There’s nothing quite like sitting in a dark movie theater with dozens of strangers as the smell of popcorn with faux-butter drizzled over it fills the air. A white light emanates from the projector in the back of the room and the film plays out with the crowd hanging on every word, every movement, every cut.
Like other mass gatherings, COVID-19 has taken the magic of a packed theater away. While some cinemas are open in North Carolina, a weak slate of blockbuster films and low attendance have made 2020 one of the most difficult and fascinating years in recent Hollywood history.
Rick Warner, director of the film studies program at UNC, said that the experience of seeing a film on the silver screen is like none other.
“For me, as somebody who teaches film, I just really value the experience of getting to see a film on the big screen, bigger than life,” he said. “It's a constitutively different experience from watching it on a computer screen or a large TV screen in my home."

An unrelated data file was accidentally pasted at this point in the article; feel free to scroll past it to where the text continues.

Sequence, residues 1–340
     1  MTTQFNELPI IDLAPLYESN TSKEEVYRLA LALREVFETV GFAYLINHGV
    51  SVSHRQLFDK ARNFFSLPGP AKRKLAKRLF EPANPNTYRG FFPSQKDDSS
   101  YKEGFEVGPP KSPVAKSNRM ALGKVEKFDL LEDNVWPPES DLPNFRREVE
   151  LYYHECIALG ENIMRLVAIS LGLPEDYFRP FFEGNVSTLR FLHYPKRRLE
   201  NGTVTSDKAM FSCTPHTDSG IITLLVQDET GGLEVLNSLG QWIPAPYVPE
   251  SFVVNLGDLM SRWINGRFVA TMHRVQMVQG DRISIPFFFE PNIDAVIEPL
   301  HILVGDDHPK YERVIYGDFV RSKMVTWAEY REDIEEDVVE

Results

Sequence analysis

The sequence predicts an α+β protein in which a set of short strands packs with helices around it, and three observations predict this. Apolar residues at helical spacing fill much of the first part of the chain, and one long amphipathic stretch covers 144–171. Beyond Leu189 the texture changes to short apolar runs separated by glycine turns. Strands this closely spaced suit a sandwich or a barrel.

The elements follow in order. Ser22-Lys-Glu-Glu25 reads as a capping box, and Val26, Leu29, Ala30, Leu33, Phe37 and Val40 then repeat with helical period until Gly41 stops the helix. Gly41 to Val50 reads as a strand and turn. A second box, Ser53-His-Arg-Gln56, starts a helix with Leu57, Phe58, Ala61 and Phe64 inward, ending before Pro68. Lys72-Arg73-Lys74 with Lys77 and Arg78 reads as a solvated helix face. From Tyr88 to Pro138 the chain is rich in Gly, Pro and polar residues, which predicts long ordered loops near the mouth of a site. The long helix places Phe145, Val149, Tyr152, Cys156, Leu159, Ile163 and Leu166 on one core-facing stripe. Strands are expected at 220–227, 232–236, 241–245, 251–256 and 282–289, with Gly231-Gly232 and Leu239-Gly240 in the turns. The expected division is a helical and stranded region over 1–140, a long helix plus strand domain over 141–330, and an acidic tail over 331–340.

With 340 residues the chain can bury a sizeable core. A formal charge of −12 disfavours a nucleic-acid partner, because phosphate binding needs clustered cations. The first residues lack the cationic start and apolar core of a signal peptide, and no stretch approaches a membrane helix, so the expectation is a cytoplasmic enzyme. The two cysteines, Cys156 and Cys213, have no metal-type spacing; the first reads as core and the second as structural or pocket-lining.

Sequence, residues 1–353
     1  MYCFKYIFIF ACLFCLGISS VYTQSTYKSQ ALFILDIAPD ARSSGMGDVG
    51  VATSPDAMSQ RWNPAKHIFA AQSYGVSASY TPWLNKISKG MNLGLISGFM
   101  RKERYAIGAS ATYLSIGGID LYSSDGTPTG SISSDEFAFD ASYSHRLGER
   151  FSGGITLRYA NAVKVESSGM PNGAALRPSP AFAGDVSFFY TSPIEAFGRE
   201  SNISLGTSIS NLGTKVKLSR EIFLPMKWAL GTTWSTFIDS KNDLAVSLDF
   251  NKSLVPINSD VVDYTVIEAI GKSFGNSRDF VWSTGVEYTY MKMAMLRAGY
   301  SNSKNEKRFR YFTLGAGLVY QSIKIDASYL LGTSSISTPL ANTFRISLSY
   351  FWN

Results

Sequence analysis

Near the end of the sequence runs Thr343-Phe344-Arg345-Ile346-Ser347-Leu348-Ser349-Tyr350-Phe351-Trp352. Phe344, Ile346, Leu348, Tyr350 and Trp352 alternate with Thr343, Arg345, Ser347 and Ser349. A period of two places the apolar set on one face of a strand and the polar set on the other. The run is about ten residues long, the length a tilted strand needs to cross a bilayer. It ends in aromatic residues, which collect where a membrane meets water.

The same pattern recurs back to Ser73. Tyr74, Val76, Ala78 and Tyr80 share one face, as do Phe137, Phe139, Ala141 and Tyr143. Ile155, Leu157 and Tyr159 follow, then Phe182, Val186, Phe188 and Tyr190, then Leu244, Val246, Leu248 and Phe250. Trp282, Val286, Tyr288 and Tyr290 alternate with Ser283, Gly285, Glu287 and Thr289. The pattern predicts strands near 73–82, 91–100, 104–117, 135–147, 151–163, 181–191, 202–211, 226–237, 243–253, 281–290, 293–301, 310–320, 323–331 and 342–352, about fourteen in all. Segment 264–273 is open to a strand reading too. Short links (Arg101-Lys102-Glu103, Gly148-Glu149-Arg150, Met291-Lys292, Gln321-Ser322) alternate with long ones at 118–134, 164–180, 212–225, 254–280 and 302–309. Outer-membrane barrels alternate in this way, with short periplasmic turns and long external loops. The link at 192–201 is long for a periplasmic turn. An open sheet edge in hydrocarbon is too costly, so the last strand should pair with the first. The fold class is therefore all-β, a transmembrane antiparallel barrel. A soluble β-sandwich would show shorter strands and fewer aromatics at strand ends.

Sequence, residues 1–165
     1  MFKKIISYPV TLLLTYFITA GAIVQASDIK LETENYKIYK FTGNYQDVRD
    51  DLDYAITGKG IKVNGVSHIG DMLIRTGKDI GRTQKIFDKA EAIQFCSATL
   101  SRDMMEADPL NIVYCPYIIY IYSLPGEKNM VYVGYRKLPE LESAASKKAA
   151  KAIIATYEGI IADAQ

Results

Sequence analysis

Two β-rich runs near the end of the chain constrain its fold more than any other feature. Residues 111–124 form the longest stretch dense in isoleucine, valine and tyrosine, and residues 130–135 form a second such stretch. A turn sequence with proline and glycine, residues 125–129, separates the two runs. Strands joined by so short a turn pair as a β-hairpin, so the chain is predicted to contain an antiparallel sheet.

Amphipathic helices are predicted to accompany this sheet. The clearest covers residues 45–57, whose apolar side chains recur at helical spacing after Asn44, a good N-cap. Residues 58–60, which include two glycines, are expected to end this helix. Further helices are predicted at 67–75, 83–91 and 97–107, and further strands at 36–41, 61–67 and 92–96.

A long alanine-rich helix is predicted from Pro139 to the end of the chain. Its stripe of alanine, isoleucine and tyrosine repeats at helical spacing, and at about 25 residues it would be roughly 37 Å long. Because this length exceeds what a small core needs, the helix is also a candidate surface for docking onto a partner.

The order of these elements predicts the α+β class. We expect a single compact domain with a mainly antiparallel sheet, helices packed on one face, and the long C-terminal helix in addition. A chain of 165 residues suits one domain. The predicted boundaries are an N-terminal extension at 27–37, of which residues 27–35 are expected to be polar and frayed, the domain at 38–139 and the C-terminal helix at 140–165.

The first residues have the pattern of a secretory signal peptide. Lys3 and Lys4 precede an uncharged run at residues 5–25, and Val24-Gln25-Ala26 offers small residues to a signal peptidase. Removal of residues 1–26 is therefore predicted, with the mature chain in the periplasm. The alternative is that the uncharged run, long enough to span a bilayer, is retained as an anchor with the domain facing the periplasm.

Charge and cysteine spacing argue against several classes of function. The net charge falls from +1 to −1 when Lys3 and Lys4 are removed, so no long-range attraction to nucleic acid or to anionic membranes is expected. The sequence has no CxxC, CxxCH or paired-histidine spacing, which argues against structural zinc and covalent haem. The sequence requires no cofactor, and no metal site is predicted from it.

Despite the mysticism of watching a film on the silver screen, major studios have been working to adapt to the pandemic and are experimenting with sending blockbuster films to on-demand platforms at a high price point. Disney released its live-action remake of “Mulan” as a Premier Access title on Disney+ for $30 and Universal Pictures released “Trolls World Tour” at $19.99 on multiple platforms.
Others have sold their films to streaming platforms in an effort to recoup their investments. Paramount sold “The Trial of the Chicago 7” to Netflix and “Coming 2 America” to Amazon, with the retailer reportedly paying roughly $125 million for the film.
However, with the recent news that Warner Bros’ entire 2021 schedule will launch simultaneously in theaters and on HBO Max (each film will stream for one month before becoming exclusive to theaters), worries about the future of theatrical distribution have been renewed.
“The very foundation of movie-watching has changed,” Danielle Christmas, an assistant professor in the Department of English and Comparative Literature, said. “I suspect it will never go back to how it was.”
Martin Johnson, an assistant professor in the Department of English and Comparative Literature who teaches a course on moviegoing, is more optimistic that theatrical exhibition will continue after the pandemic.